India's minister of civil aviation announced the agreement between Boeing and Air India on Wednesday, according to a Wall Street Journal report. Details of the agreed compensation were not disclosed. The carrier, which has 27 of Boeing's fuel-efficient Dreamliners on order, previously said it sought as much as $1 billion.
Boeing was more than three years late in delivering the 787 because of the company's over-reliance on global partners. The company delivered the first Dreamliner in September to All Nippon Airways of Japan. In all, it has delivered 11 787s.
Behind-the-scenes deals for late deliveries are normal, but the 787 program delay is unusual in that all customers are affected.
Several, such as Air India, Virgin and United Airlines, have put pressure publicly on Boeing for compensation over the delay. However, it's rare for an airline or Boeing disclose settlement terms. In October, China Eastern Airlines said it would use penalties from a late 787 order that it canceled to pay for part of a new order of Boeing 737s.
Qatar Airways' chief executive has threatened to cancel 787 orders because of delays. Analysts speculated last September that Qatar also orchestrated Cargolux's initial rejection of the first 747-8 freighter, which Boeing also was late in delivering. Qatar had bought a 35 percent stake in Cargolux not long before Boeing was set to deliver the 747-8. Analysts viewed Cargolux's last-minute rejection of the freighter as Qatar's way of ensuring compensation for delays wasn't too low.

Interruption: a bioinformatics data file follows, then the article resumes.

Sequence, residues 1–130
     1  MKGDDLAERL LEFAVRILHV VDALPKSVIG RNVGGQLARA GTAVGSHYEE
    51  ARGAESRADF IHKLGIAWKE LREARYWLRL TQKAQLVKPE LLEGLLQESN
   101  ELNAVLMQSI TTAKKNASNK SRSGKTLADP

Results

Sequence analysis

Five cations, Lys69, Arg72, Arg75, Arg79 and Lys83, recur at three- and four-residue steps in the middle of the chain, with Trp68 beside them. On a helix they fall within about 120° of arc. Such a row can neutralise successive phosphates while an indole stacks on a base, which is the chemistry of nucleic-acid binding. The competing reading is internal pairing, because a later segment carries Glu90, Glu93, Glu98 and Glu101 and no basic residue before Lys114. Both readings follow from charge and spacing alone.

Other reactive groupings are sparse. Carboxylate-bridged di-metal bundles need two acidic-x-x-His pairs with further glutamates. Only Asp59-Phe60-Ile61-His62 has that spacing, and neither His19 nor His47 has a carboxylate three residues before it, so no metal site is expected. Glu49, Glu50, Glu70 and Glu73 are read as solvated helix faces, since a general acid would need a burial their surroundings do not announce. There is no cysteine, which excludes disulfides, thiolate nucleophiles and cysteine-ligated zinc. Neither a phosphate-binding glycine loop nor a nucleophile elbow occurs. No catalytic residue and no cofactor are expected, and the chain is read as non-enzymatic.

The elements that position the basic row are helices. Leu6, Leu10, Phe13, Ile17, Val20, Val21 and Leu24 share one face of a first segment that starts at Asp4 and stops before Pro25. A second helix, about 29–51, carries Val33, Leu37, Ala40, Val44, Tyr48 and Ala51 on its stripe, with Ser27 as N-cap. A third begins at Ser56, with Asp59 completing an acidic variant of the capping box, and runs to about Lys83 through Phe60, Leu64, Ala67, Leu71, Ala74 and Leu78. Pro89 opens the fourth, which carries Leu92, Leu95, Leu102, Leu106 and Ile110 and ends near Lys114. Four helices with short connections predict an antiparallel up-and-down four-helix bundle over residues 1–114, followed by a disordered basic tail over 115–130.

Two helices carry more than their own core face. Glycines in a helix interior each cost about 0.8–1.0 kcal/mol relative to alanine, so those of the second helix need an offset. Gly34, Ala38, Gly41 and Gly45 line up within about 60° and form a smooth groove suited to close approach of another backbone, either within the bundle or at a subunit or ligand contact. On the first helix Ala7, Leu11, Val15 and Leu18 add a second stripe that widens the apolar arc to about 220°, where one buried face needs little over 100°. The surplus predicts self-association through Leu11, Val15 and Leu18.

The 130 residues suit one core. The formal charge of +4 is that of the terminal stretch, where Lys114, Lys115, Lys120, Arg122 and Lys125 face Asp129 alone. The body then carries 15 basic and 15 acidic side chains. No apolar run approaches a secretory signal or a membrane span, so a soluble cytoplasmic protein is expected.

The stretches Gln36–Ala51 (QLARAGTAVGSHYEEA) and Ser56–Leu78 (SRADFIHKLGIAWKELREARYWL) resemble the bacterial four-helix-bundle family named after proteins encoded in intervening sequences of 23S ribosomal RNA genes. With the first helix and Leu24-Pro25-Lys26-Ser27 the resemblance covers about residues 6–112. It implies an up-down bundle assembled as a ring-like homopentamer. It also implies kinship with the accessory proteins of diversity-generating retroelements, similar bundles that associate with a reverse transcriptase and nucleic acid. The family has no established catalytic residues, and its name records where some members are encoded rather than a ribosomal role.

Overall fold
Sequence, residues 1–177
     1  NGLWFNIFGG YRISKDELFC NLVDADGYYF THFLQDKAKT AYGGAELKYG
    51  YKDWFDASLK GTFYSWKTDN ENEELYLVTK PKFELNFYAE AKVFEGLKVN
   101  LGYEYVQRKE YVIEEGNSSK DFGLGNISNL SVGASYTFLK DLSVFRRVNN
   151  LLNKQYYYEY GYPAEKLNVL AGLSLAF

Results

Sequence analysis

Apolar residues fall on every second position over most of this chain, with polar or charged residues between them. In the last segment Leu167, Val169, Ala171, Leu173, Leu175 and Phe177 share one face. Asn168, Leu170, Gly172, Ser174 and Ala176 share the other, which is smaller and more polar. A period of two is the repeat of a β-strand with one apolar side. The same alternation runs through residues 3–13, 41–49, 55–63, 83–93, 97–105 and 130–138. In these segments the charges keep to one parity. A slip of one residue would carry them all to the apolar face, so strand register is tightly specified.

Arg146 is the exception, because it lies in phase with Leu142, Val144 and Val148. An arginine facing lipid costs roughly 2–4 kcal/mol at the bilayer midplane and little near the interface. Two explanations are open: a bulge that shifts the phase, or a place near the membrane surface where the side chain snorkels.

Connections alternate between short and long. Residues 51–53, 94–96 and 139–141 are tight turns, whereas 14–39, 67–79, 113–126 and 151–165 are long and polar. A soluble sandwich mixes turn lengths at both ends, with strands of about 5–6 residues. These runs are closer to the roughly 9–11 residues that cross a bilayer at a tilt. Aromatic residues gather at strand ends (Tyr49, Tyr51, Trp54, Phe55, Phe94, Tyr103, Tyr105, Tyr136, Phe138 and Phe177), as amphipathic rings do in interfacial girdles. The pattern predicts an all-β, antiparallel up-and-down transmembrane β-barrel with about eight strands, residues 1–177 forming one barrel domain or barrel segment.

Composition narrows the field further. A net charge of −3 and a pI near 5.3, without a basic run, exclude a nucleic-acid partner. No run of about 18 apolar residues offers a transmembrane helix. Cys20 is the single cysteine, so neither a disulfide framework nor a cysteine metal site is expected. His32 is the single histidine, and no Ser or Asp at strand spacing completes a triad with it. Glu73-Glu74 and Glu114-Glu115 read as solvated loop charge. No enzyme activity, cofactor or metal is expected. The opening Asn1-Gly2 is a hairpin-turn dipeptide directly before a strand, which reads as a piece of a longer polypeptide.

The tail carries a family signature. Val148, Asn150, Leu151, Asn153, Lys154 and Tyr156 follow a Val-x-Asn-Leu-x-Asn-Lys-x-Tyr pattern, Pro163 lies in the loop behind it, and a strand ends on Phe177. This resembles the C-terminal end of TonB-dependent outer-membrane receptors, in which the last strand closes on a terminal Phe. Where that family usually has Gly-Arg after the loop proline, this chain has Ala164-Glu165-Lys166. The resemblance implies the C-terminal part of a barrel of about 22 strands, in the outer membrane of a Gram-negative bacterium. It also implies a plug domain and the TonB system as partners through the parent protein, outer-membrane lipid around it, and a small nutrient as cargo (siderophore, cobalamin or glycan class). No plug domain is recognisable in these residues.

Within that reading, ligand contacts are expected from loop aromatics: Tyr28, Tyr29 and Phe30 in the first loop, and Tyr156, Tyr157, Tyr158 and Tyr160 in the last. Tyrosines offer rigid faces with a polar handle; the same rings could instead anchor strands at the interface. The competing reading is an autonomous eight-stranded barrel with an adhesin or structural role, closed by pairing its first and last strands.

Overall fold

Air India refused delivery of its first 787 last week, pending resolution of the compensation issue. The airline also has been embroiled in a costly pilot strike. The government of India will need to approve the compensation agreement between Boeing and Air India.
The complications with the 787 mean initial deliveries have been costly for Boeing. An analyst estimated Monday that 787 deliveries in the first quarter cost the company $240 million per airplane -- significantly more than the 787 sells for. Extensive changes performed on early built 787s have driven up Boeing's costs. On Wednesday, Boeing said it had assembled the first 787 that won't require as much extra work.
The 66th 787 to be assembled has rolled off the Everett production line, said Boeing spokesman Scott Lefeber. The jet will require just a few days of extra work, which can be performed just outside the factory. In an investors note Monday, UBS Securities suggested that previously delivered Dreamliners have required an average of 13 months of additional work after leaving the factory floor.
Boeing shares closed Wednesday at $69.02, up $1.44 for the day.
Bloomberg News contributed to this report.
Michelle Dunlop: 425-339-3453; email@example.com.
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